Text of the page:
Even though this is a pre-clinical paper and has not been tested in clinical trials yet, I wanted to let you know about a very interesting CRC immunotherapy paper published in the Proceedings of the National Academy of Sciences
this week that I think has a decent chance of translating into a CRC clinical trial.
As most of you know, PD1 monotherapy has unfortunately not shown much success against CRC in the clinic although these inhibitors are immunotherapy miracle drugs for some other types of cancer, producing very long remissions in some patients.
I won’t go into all of the scientific details (the paper’s abstract is pasted below, PM if you have questions) but basically what the paper did was co-dose a FDA-approved drug (ibrutinib) along with a PD-L1 inhibitor. Ibrutinib was designed to be a “BTK inhibitor” and is FDA-approved for mantle cell lymphoma and chronic lymphocytic leukemia (http://en.wikipedia.org/wiki/Ibrutinib
). Although it was designed to be a “BTK inhibitor”, like most drugs it is not completely selective for a single target and it also hits the “ITK” target. “ITK” is a target whose inhibition has impacts on immune system T-cells.
The paper shows that by co-dosing ibrutinib along with a PD-L1 checkpoint inhibitor, significant activity is seen not only in lymphomas but also in two solid tumor models (triple negative breast and CRC
). In the case of the CRC model, dosing with the co-therapy was synergistic and about 30% of the mice were cured. At a later time point, the authors attempted to regrown the tumor lines in the cured mice and they were resistant – indicating successful immune memory.
Of course, cancer is easier to cure in mice than humans but I do believe this is potentially a step forward in CRC immunotherapy research and worth keeping an eye on in terms of potential future clinical trials!
I honestly believe eventually checkpoint inhibitor therapy will be successful in CRC as it has been in other cancers, it will just require the identification of a proper co-dosing drug cocktail – perhaps an ITK inhibitor is the trick needed, perhaps not… – only clinical trials will tell. A nice aspect of this current research is that it involves 2 drugs which are either FDA-approved or almost FDA-approved – so an almost ideal situation for a potential quick start of clinical testing.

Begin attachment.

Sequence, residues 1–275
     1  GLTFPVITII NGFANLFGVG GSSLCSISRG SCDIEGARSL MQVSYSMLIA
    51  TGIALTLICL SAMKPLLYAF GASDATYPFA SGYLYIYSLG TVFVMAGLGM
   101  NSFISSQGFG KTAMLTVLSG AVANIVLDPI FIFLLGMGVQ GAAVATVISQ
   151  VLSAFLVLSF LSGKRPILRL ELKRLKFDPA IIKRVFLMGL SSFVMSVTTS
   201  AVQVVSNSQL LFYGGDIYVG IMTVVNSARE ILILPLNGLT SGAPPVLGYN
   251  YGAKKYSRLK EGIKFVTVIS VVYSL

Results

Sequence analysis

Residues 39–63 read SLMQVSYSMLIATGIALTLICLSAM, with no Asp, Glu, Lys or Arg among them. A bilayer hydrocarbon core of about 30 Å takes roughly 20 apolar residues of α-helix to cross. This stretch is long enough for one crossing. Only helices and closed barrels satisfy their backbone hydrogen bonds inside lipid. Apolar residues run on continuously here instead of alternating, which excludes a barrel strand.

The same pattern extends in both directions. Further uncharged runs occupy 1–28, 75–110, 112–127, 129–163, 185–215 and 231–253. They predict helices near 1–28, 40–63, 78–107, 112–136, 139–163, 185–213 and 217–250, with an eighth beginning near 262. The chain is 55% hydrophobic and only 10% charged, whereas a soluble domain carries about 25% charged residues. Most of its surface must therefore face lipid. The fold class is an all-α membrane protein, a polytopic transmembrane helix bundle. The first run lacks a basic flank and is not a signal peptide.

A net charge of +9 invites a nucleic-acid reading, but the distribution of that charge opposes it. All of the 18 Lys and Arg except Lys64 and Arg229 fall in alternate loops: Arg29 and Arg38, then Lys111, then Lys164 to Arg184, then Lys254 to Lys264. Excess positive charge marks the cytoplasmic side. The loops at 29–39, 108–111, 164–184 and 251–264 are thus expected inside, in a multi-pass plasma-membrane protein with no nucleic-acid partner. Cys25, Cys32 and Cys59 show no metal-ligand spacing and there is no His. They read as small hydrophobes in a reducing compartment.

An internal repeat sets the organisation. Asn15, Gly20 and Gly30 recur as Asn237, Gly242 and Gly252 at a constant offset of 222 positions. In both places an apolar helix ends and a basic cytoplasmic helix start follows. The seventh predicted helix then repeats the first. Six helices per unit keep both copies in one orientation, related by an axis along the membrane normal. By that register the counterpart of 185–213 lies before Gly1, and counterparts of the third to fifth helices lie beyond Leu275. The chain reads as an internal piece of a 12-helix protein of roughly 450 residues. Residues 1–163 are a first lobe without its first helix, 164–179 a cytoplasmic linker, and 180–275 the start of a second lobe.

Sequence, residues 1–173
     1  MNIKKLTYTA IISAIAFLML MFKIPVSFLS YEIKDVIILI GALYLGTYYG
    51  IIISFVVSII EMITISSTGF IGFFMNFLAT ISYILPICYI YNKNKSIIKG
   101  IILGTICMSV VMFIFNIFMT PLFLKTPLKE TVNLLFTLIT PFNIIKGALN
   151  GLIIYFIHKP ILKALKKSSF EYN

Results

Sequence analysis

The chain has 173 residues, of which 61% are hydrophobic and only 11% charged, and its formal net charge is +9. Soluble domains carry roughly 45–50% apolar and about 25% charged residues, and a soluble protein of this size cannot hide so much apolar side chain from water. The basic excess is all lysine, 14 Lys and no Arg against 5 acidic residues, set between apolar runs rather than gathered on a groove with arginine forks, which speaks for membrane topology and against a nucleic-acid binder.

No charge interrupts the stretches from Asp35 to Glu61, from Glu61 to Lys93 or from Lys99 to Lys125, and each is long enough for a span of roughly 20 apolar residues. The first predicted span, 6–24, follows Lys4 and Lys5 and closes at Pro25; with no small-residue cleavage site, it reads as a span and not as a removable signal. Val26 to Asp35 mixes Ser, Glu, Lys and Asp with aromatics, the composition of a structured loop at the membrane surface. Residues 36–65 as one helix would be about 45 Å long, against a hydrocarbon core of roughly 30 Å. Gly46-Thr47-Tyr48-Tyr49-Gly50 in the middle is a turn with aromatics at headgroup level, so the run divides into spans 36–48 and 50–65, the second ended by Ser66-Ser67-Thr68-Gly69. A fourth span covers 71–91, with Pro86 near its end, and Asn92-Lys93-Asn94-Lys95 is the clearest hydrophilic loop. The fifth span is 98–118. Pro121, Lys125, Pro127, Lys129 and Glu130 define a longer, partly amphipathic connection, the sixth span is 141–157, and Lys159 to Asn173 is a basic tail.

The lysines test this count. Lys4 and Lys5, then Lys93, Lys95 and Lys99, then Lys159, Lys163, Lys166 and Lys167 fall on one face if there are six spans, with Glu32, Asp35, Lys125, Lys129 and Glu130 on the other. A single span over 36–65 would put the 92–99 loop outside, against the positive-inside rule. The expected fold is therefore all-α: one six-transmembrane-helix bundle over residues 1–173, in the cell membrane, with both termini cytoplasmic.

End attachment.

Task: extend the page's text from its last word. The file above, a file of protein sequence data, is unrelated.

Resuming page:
Take care everyone,
Monoclonal antibodies can block cellular interactions that negatively regulate T-cell immune responses, such as CD80/CTLA-4 and PD-1/PD1-L, amplifying preexisting immunity and thereby evoking antitumor immune responses. Ibrutinib, an approved therapy for B-cell malignancies, is a covalent inhibitor of BTK, a member of the B-cell receptor (BCR) signaling pathway, which is critical to the survival of malignant B cells. Interestingly this drug also inhibits ITK, an essential enzyme in Th2 T cells and by doing so it can shift the balance between Th1 and Th2 T cells and potentially enhance antitumor immune responses. Here we report that the combination of anti–PD-L1 antibody and ibrutinib suppresses tumor growth in mouse models of lymphoma that are intrinsically insensitive to ibrutinib. The combined effect of these two agents was also documented for models of solid tumors, such as triple negative breast cancer and colon cancer. The enhanced therapeutic activity of PD-L1 blockade by ibrutinib was accompanied by enhanced antitumor T-cell immune responses. These preclinical results suggest that the combination of PD1/PD1-L blockade and ibrutinib should be tested in the clinic for the therapy not only of lymphoma but also in other hematologic malignancies and solid tumors that do not even express BTK.Significance
Antibodies that block the negative signals between PD1-Ligand on tumor cells and PD-1 on T cells are effective therapies against several types of cancer. Ibrutinib, a covalent inhibitor of BTK is an approved therapy for B-cell leukemia and lymphoma. But ibrutinib also inactivates ITK, an enzyme required for certain subsets of T lymphocytes (Th2 T cells). We found that the combination of anti–PD-L1 antibodies and ibrutinib led to impressive therapeutic effects not only in animal models of lymphoma but, surprisingly, also in models of breast cancer and colon cancer. Based on these preclinical results, we suggest that the combination of PD-1/PD-L1 blockade and ibrutinib be tested broadly in patients with lymphoma and also in other hematologic malignancies and solid tumors.
6/4/2012 Dx Stage 3C CRC @ 40 yo. MSS, KRAS-WT, BRAF-WT, p53-mut
8/13 Enlarged lymphs - Stable
10/14 Stage IV. Lung & Lymph mets. 5-FU+bev
11/15 FOLFIRI + bev
11/16 Signs of FOLFIRI resistance (Lymph mets)
1/17 Palliative radiation for resistant mets
2/17 FOLFIRI + bev + Maraviroc (off-label)
3/17 FOLFIRI + Erbitux + Maraviroc (off-label)MSS-CRC Clinical Trial Finder: http://trialfinder.fightcrc.org/2016 Colondar 2.0 ModelDK37 Science Posts List